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Your Questions About Coronavirus and Money Issues

Jurisdiction: 
This information applies to British Columbia, Canada
Reviewed: 
July 2020
Time to read: 
3 minutes

“This pandemic has made everything come to a stop. Except for my bills of course. And money is tight now. With groceries, cleaning supplies, rent, and so many other pressures, it’s hard for me to prioritize what to pay first."

– Morgan, Vancouver

“This pandemic has made everything come to a stop. Except for my bills of course. And money is tight now. With groceries, cleaning supplies, rent, and so many other pressures, it’s hard for me to prioritize what to pay first."

– Morgan, Vancouver

I’ve heard it’s possible to defer some bills?

Between March and June, BC Hydro offered a COVID-19 relief fund for customers unable to work due to the pandemic. That program has closed, but Hydro continues to offer other payment options. You can ask to defer payments or access grants to help pay your hydro bills. 

Fortis BC is offering flexible payment options and waiving late payment fees for gas and electricity bills. And they won’t cut off anyone during the crisis.

ICBC customers can ask to defer monthly payments for up to 90 days with no penalty.

I may have to withdraw money on my credit card. What do I need to know?

Borrowing money from your credit card comes with fees and steep interest rates, upwards of 20% per year. Consider borrowing money from a friend or relative, or from a credit union or bank that offers lower interest rates. One option to consider is opening up a line of credit. We have resources on borrowing money and dealing with debt that might help as you consider your options.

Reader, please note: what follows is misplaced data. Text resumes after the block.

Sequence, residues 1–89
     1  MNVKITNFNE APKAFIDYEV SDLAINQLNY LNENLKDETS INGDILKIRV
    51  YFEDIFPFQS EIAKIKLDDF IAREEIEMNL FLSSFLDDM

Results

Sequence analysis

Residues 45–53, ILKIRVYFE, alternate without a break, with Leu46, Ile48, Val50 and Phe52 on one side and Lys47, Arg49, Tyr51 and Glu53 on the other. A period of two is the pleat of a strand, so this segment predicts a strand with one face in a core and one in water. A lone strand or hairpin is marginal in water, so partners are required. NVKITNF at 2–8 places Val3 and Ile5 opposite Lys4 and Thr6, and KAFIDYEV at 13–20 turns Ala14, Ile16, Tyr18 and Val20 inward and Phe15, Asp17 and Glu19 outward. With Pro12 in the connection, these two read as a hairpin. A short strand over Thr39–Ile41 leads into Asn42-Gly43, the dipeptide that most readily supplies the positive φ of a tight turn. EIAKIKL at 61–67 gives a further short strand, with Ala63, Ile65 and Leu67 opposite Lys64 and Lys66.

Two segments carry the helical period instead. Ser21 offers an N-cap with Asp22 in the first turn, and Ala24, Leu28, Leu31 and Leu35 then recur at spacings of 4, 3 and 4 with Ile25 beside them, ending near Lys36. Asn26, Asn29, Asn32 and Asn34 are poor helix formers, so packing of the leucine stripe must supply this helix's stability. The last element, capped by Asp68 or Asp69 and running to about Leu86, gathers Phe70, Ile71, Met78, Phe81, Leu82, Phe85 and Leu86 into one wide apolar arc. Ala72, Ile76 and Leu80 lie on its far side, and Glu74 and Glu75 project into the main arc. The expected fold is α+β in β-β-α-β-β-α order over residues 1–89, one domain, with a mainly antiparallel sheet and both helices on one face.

What about supports for students, and what about student loans?

The federal government has introduced an emergency student benefit. It provides between $1,250 and $2,000 every four weeks to those post-secondary students and recent graduates who can’t find work or are making less than $1,000 per month due to coronavirus. The benefit is available from May to August 2020. Students can also be eligible for benefits if they volunteer.

The federal government has also placed a six-month interest-free freeze on all Canada student loans, effective March 30. No payment will be required and interest won’t add up during this time. Students don’t need to apply for the repayment pause. The province similarly froze all BC student loan payments for six months, also effective March 30.

The government is also raising maximum amounts for student grants and loans.

As well, post-secondary students can access non-repayable emergency funds for living expenses. You can also access laptops to help you study remotely. Contact your school’s financial aid office to apply and find out how much money you can qualify for.

Is there relief to help low-income people?

Emergency measures are in place to help people on income or disability assistance and low-income seniors. Those on provincial assistance programs and not receiving employment insurance (EI) or the new Canada emergency response benefit are getting extra money from the province. They automatically receive a $300 supplement on their assistance cheques between April and August.

As well, during the pandemic, the province will stop deducting employment insurance benefits from welfare payments.

Also, a one-time enhancement to the climate action tax credit will be paid in July 2020 for moderate to low-income families. An adult will receive up to $218, and a child up to $64. (This is five times more than the three other payments in 2020 under this tax credit.)

What are the deadlines for income tax during this time?

In response to the coronavirus pandemic, the federal government adjusted the income tax deadlines for taxpayers. They extended the due date for filing 2019 tax returns to June 1, 2020. And you have until September 1, 2020 to pay any 2019 income tax amounts owed.

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